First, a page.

The elegantly named Cesar Montes, EMEA CSO of Geometry Global, said: “Our findings confirm that we haven’t yet witnessed the complete online shopping revolution some had predicted. There are a number of reasons for this: the high street still occupies a central and vital function in the consumer’s journey to purchase.
“In addition, there remain a number of obstacles to consumers fully accepting online shopping, such as security concerns, payment methods and unwillingness to engage with brands via social media.”
The study also noticed that 63% of users really are not going to ‘friend’ brands online. So stop trying to engage, you big bad corporates. However 70% liked ads tailored to them. Little wonder when some companies deliveries are so poor.
The engine will direct users away from sites where they can half-inch content, pushing them towards less dodgy sites.
Google have caved in to pressure from the entertainment industry, who have been campaigning for the search engine to do something, while they carried on rearranging deckchairs.
Google will now list these legal services in a box at the top of the search results, as well as in a box on the right-hand side of the page, but if legal sites want to appear in the slot, they will need to pay Google for placement, something music trade group BPI has a problem with.
BPI made 43.3 million requests for Google to remove search results in 2013 – the U.S equivalent group, the RIAA, made 31.6 million and Google removed 222 million results from search because of copyright issues
Google’s Content ID system, which detects copyrighted material, scans 400 years-worth of video every day, which they then offer the music labels the choice of having the content removed, or monetising by having advertising placed there.
The report said: “Piracy often arises when consumer demand goes unmet by legitimate supply,’ the report said.
As services ranging from Netflix to Spotify to iTunes have demonstrated, the best way to combat piracy is with better and more convenient legitimate services.”
It’s unlikely that this will have a massive turnaround in the entertainment industry’s favour, who are missing the days where everyone was on champagne and cocaine breakfasts, but people will find a way around it. They always do.
However, with Google directing people to Google Play, making money through advertising on YouTube adverts and other schemes to ‘combat privacy’, it looks like they might be having the breakfast of a ’70s record company executive, so not everyone is a loser in this. We never said they were unscrupulous.
First Apple announce theirs and suddenly everyone’s launching a smartwatch. Microsoft are the latest to get in on the wrist-action and it is rumoured they’ll have a smartwatch due to launch within weeks.
While there’s no word on an exact date as yet, reports suggest that Microsoft would like it out before Christmas. And, ideally, before Apple.
There’s also rumours that the device will offer a two-day battery life, which shades the Moto 360 and Samsung Gear 2′s everyday charging needs.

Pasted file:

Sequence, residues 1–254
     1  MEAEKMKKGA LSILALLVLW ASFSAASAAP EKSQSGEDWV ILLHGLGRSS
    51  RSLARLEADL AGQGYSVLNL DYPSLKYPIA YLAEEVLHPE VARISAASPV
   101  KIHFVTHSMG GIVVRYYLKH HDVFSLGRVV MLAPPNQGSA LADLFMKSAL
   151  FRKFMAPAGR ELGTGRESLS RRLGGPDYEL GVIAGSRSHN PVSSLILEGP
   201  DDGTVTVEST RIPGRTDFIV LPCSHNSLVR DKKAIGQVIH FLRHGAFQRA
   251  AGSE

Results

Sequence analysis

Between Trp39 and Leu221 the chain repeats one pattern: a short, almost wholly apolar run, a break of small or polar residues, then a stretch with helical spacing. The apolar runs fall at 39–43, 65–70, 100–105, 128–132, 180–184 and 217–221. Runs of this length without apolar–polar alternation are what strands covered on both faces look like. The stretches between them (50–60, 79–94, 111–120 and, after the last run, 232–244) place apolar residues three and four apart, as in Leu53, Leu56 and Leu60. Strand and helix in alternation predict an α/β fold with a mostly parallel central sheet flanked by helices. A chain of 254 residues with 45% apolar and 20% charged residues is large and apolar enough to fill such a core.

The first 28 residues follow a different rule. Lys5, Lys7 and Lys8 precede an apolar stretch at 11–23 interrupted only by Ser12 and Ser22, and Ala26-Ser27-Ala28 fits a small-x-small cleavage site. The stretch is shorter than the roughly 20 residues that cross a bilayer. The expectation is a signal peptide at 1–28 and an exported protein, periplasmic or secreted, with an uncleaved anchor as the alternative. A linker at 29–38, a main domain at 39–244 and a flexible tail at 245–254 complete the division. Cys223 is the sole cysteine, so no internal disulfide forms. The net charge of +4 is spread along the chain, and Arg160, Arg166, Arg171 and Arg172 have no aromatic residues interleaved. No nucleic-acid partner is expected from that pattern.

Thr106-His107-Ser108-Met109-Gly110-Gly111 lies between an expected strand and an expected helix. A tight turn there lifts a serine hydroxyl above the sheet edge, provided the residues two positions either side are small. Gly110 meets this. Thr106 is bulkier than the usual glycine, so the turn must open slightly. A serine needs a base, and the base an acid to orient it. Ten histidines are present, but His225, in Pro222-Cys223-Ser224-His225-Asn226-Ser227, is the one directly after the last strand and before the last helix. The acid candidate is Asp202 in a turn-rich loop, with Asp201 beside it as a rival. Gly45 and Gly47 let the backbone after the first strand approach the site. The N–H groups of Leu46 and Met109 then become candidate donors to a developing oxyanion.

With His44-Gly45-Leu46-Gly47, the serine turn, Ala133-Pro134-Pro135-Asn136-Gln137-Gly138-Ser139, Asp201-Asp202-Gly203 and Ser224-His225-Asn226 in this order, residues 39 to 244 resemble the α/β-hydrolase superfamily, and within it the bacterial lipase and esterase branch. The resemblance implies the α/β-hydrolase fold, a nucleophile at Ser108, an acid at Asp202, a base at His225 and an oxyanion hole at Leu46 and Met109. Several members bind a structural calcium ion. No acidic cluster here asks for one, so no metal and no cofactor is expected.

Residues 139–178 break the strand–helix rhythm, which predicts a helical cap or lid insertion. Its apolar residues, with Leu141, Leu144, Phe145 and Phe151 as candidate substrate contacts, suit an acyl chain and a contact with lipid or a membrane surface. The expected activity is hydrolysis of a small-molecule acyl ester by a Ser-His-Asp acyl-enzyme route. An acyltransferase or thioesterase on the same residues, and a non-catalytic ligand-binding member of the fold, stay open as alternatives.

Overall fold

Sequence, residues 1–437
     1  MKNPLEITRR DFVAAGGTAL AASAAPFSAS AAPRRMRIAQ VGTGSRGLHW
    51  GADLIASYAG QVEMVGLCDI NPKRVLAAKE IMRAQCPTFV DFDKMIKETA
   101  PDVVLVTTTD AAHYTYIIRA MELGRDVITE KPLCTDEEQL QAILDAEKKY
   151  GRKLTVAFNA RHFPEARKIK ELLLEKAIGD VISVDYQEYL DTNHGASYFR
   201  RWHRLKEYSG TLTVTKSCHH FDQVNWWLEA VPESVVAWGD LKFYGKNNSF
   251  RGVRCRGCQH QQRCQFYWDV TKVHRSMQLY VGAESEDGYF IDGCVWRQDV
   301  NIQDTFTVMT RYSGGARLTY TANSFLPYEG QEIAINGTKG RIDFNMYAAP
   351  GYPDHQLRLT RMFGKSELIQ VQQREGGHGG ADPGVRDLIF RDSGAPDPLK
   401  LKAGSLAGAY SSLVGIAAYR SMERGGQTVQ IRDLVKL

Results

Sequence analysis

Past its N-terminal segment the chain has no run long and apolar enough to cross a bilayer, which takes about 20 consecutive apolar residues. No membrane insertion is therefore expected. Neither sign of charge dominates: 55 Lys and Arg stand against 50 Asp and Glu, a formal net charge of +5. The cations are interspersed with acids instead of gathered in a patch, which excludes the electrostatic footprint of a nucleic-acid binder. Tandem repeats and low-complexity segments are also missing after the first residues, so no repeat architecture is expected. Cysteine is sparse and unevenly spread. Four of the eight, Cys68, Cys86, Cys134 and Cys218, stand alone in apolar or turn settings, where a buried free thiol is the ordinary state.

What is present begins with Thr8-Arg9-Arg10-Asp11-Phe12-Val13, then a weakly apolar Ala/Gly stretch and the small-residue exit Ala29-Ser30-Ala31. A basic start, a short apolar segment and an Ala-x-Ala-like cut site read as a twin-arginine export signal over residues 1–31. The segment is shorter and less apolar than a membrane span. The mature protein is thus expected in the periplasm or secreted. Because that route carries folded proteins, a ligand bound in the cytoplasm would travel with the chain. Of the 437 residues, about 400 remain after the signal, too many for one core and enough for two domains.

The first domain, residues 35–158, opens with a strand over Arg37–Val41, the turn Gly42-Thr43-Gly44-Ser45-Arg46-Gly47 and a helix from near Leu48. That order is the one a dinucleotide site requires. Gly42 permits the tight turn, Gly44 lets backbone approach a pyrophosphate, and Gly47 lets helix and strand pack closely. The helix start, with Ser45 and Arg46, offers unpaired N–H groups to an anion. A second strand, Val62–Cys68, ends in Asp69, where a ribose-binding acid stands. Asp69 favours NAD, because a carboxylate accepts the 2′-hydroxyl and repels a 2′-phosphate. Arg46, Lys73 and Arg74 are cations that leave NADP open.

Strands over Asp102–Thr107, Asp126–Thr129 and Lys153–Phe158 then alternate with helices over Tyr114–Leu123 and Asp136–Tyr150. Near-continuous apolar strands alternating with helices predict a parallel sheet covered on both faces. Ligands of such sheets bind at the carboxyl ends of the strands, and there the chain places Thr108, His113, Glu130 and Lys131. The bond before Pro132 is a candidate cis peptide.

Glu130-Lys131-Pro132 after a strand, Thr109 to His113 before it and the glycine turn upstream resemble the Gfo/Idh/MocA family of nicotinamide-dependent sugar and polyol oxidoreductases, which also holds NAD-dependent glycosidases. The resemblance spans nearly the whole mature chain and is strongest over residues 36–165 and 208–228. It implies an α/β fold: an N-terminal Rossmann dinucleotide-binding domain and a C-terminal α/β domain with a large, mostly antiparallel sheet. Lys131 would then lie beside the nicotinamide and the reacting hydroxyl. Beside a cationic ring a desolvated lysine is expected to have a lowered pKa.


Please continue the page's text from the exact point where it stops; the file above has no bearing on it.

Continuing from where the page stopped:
The Microsoft smartwatch will also have compatibility for multiple operating systems, including iOS, Android and Windows Phone, and Forbes claims it will also be the first wearable to feature an always-on heart rate sensor, making use of Microsoft’s Kinect technology.
According to a report: “When it comes to battery life, Microsoft may benefit from its historic expertise in software, allowing it to create sensor integrations that boost the device’s power train efficiency.”
Microsoft has yet to comment on the speculation. They’re just offering us “GO AWAY” at the moment.
The credit card giant are doing tests to see if a fingerprint function would work instead of a PIN number.
The company unveiled the protoype, which they developed in conjunction with Norwegian company Zwipe, who invented the fingerprint technology.
The contactless payment card has an integrated fingerprint sensor and a secure data store for the cardholder’s biometric data, which is held only on the card and not in an external database, the companies said.
The card also has an EMV chip, used in European payment cards instead of a magnetic stripe to increase payment security, and a MasterCard application to allow contactless payments.
The card is currently thicker than the usual ones, as it will have a battery in it to make it work, however Zwipe plan to eliminate the battery and make it the same as other cards, once they’ve started harnessing energy from contactless terminals.
As the fingerprint authentication is quite unique, there’s no limit on contactless payments, whereas other contactless cards have limits in them so that bad people can’t use them to buy diamonds.
Norwegian bank Sparebanken DIN has already tested the Zwipe card, and plans to offer biometric authentication and contactless communication for all its cards apparently.
Hands up if you want Mastercard to store your fingerprints?
Yesterday, they revealed two new iPads and a high-resolution screen iMac desktop, which of course, we already told you about.
Basically, Apple are giving everyone the iPad Air 2 and iPad mini 3, as well as blarting on about Apple Pay where you can pay for stuff with your phone (which of course, is a thing that’s been around for ages under different names).